Exploring the deep wilderness in the back ranges of Alaska was always an elusive dream to me as a young boy. The sheer anticipation and excitement which ravaged through my body as the co-pilot announced we would shortly be making our descent into Anchorage was completely new to me as a human being. Two weeks in Alaska just didn’t seem enough time for me. A lifetime did not feel long enough for me. Hauling my luggage out of the airport I grabbed a taxi which was covered completely in snow. Everything was covered in white. One look at the people of anchorage signified to me that this was just the everyday life that they led and I was in a different world. I jumped in the backseat with my backpacks and the driver immediately greeted me with a pleasant ‘good afternoon, where do you want to go’. I asked him where if he knew of somewhere nice to stay in town. He looked at me and said ‘well there are all different kinds of places round here’. I realised whilst staring at his frosty covered moustache that nice wasn’t the best adjective to use. ‘Do you know of any bed and breakfast places here, that kind of thing?’ I asked. He looked at me, letting through a tiny grin and uttered ‘Plenty of those here’. The car trudged through the snow for about twenty five minutes until it came to a halt. We were parked outside a small light brown house with a Porch that had a husky led next to a man of great size and age on it. ‘One of the best places you’ll ever stay’ the driver said. I handed him the thirty dollars and slung my bags over my shoulders and left the car. The temperature was way below freezing and my face was pale enough to prove it. The husky stay led next to the man as I was walking up the steps, it was one of the most beautiful animals I had seen. ‘Afternoon young man’ the man said, easing his way off his chair and making his way towards me. I thought I was a tall guy being six foot four, but this guy was huge. ‘HI, I’m looking for somewhere to stay for a while’ I said, trying to keep my teeth from shuddering. ‘You came to the right place, let’s walk and talk’ he said and politely took my bag from me. The husky followed him inside, it was like father and son. The house was like something you see in a Christmas advert but more real and with emotion. We walked past the front room to a side office where he dealt with the guest. I told him I was here for two weeks and just needed a room with a bed. I walked upstairs to a small room at the back of the corridor with John, he was quick to make me feel at home and tell me all about him. I was staying in a small quaint cosy room. That night I decided to head to town for some food and try to see the local life of the town. Sat in a small booth in ‘Bs bar’ I noticed how close and friendly everything seemed here. Nobody appeared to be uncomfortable and everyone was enjoying the simple fun they were having in the warmth with their friends. When I walked back that night I bumped into a small person who didn’t look like she was from around this area, the look of bemusement on her face was the first I had seen. With one long stare as cold as the night from her, she proceeded on past me. After coffee with John and his dog Muriel the next morning, I headed out for my first Alaskan experience. Hiking across the hills, people were sat by streams fishing in the crystal water for salmon. The quiet serenity across the hills put me at ease, I didn’t know where I was going, but that was what made me so peaceful. No maps, laptops or mobile phones were to interfere with the tranquillity that surrounded me. A group of locals offered to take me to the National Park so I could see all the wildlife with them, but the feeling of peace dominated my body, the solitude of Alaska became me. The locals did however tell me that if I like nature so much I should go up to the Tibet hillside at night when nobody is there. Later that same night I had drank some whisky that John gave me whilst sat by the fire in his main room, the warm soothing feeling when it trickled down my throat was indescribable. The idea of going up the Tibet hillside on this mercilessly cold night seemed so appealing that I just couldn’t pass it up. Hills in Alaska were steep and always unbelievably hard to walk up, but turning back was never a thought. Reaching the top of the hill, I stood in awe and wonder at what beheld my eyes. Looking down upon the quiet town everything was so clear. Being in the dark on one’s own late at night near the forest in the Alaskan outback may seem like a frightening experience to many, but this was a spiritual awakening. The modern conventional traps of society were nowhere to be seen, all that stood before me was the beauty of nature. In a state of utter serenity, a rustle in the branches not far behind me sent my body tingling. A small figure in a hood was stood opposite gazing into the distance, before turning to me and removing the hood. Nor then or now have I been a religious man, but two things I had seen made me feel as if some divine work had been in place. The landscape surrounding the hillsides, and the natural beauty of the girl stood before me. Silence engulfed the entire area, whilst Alaska was fast asleep, my body and soul was alive. Into the early hours of the morning we sat side by side, embracing everything that could be embraced. Nine months after leaving Alaska, my journey back led us both to the top of the Tibet hillside. On the night of December 18th, underneath the lights that shine for all to see in the North, the proposal of marriage led us onto our life long journey together.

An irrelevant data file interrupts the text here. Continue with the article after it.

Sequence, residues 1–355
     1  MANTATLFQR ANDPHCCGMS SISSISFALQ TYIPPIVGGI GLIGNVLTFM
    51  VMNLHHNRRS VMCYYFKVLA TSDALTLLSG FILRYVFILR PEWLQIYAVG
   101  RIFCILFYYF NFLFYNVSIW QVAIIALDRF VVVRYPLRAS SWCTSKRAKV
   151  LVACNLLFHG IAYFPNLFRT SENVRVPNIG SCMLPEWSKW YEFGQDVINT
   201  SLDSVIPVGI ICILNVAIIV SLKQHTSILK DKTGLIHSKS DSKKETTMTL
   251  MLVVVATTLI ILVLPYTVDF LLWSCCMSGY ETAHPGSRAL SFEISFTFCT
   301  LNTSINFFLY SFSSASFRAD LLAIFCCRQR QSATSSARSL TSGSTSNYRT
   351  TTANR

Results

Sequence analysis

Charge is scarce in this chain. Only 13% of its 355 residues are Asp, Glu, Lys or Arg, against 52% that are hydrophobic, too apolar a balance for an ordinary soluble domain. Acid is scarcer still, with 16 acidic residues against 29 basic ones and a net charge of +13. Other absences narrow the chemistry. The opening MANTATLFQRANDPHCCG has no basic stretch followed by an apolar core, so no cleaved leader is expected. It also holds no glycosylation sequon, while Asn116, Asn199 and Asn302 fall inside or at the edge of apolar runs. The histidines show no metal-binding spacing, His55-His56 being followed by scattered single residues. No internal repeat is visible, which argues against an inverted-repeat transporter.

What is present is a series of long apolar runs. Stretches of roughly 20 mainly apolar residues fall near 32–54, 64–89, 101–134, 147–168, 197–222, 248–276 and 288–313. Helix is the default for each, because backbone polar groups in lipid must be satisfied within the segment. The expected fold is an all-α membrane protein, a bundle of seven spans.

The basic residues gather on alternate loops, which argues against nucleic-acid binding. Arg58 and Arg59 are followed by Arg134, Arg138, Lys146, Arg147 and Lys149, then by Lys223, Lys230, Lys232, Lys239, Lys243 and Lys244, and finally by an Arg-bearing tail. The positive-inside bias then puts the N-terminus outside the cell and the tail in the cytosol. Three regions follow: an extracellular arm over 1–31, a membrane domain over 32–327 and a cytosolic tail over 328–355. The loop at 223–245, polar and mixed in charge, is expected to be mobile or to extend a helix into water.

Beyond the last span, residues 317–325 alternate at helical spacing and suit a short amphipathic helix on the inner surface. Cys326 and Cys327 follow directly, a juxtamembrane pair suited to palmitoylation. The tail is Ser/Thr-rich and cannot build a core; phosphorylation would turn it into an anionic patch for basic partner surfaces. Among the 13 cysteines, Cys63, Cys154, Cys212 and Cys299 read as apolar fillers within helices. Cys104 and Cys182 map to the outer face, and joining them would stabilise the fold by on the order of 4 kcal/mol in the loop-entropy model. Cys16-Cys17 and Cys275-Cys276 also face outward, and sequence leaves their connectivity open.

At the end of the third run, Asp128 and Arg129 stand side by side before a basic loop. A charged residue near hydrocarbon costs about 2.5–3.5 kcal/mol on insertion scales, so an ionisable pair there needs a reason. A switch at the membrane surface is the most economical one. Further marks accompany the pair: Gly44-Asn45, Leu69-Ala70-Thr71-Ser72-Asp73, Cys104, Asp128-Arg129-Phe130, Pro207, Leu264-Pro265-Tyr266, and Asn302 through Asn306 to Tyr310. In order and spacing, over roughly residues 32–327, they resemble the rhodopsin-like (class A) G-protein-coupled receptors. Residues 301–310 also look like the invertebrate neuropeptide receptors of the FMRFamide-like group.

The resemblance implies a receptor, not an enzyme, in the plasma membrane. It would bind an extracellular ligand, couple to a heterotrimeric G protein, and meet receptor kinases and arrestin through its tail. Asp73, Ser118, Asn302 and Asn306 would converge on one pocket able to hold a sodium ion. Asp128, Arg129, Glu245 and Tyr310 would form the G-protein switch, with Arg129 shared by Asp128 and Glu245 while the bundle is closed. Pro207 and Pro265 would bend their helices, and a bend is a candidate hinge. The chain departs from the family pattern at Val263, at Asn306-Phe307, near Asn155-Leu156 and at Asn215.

Is it really that intense? Would I cope?